Sacred Ceremonies Devised by Man are Forbidden Images.

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This is a snippet from George Gillespie's English Popish Ceremonies on the what is forbidden in the Second Commandment. I hope to get my new edition of G out sometime this year.

Second Commandment: Sacred Ceremonies Devised by Man are Forbidden Images.

“What can be answered to that which the Abridgement propounds touching this matter? It is much less lawful (say those ministers) for man to bring significant ceremonies into God’s worship now than it was under the law. For God has abrogated his own (not only such as prefigured Christ, but such also as served by their signification to teach moral duties), so as now (without great sin) none of them can be continued in the church, no, not for signification.[SUP]1[/SUP] Whereupon they infer: If those ceremonies which God himself ordained to teach his church by their signification may not now be used, much less may those which man has devised.[SUP]2[/SUP]

“§6. Fourth, sacred significant ceremonies devised by man are to be reckoned among those images forbidden in the second commandment. Polanus says, that omnis figura illicita [every forbidden figure] is forbidden in the second commandment.[SUP]3[/SUP] The Professors of Leyden call it any image at all, whether conceived in the mind or made by the hand.”[SUP]4[/SUP]

I have shown elsewhere,[SUP]5[/SUP] that both in the writings of the fathers, and of formalists themselves, sacraments get the name of images; and why, then, are not all significant and holy ceremonies to be accounted images? Now, the second commandment forbids images made by the lust of man (that I may use Dr. Burges’s phrase);[SUP]6[/SUP] therefore it forbids also all religious similitudes, which are homogeneal [congruous] unto them. This is the inference of the Abridgement….” (George Gillespie, A Dispute Against the English Popish Ceremonies, Part Three, Chapter Five, section 6, p. 230 in the forthcoming 2013 edition, D.V.).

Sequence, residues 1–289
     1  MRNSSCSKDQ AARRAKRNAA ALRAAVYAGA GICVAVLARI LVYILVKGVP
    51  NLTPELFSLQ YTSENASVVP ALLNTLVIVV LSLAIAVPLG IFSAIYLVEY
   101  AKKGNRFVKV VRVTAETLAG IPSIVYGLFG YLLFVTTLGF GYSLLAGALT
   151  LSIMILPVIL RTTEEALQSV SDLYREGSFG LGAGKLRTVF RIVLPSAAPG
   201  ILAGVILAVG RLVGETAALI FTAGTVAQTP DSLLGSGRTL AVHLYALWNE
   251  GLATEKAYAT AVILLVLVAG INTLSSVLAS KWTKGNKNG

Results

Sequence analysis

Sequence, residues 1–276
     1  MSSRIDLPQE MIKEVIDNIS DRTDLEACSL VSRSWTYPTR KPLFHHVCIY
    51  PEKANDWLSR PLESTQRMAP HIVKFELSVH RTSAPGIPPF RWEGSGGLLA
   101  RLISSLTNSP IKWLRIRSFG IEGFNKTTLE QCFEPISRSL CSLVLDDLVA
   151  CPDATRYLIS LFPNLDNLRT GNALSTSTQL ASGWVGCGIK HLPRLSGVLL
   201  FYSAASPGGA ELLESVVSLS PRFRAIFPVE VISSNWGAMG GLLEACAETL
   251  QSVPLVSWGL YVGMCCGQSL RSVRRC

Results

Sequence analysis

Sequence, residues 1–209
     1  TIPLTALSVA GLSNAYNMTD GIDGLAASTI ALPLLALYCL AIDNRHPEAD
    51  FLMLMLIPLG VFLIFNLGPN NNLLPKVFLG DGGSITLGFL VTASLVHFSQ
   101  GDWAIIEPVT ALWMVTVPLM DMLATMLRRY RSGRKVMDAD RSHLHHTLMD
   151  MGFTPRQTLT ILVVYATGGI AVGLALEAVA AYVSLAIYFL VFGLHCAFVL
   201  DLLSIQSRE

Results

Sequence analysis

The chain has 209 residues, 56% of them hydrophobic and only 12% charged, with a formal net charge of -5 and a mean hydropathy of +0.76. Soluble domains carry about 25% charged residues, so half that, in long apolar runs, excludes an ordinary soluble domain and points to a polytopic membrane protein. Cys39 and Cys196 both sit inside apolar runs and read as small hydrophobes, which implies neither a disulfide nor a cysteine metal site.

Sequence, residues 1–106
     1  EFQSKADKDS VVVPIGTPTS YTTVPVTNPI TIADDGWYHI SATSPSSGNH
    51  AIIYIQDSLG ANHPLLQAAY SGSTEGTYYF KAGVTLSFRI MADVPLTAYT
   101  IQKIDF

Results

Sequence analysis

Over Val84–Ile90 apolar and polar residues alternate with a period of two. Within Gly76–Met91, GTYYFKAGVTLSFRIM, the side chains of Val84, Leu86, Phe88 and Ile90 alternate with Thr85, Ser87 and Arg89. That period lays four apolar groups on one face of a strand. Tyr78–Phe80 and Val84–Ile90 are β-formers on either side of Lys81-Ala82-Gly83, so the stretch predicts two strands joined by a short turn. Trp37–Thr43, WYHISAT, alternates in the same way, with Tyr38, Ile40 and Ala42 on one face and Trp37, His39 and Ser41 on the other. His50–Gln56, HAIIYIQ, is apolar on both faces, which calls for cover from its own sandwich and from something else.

1. Ministers of the Lincoln Diocese, An Abridgement (1617) 43. [An Abridgment of that booke which the Ministers of Lincoln diocess delivered to his Majestie. Being the first of an apologye for themselves and their brethren that refuse the subscription, and conformitie which is required [W. Jones Secret Press, 1605]. Reprint, An Abridgement of that Booke which the Ministers of Lincolne Diocess deliuered to His Maiestie upon the First Of December 1605. Being The first part of An Apologie for themselves and their Brethren that refuse the Subscription and Conformitie which Is required. Leiden: 1617.

2. Ames, Fresh Suite, p. 266 [Amsterdam: 1633]. [Gillespie cites the Abridgement from Ames’ Fresh Suit against Human Ceremonies in God’s Worship.]

3. Syntagma Theol., lib. 6, cap. 10, p. 58, 59. [Amandus Polanus, German Reformed theologian (1561-1610). Cf. Syntagma Theologiae Christianae (Hanover, 1609), vol. 2, col. 2284A.

4. Synop. Pur. Theol., disp. 19, thes. 4. imaginem quamlibet, sive mente conceptam, sive manu effictam. [Professors at Leyden, Antonius Walæus (1573–1639), Andreas Rivetus (1572–1651), Antonius Thysius (1603–1665), John Polyander (1568–1646).Synopsis Purioris Theologiæ. Leyden: 1581. Cf. Edited by Herman Bavinck (Leiden: 1881) 163.]

5. Supra, cap. 4, sect. 9 [See English Popish Ceremonies (2013 forthcoming) 195.]

6. John Burges, Of the Lawfulness of Kneeling, p. 116 [sic page 115]. [This work is appended to An Answer Rejoined to that much applauded pamphlet A reply to Dr. Morton’s general defense of three nocent ceremonies (1631)].
 
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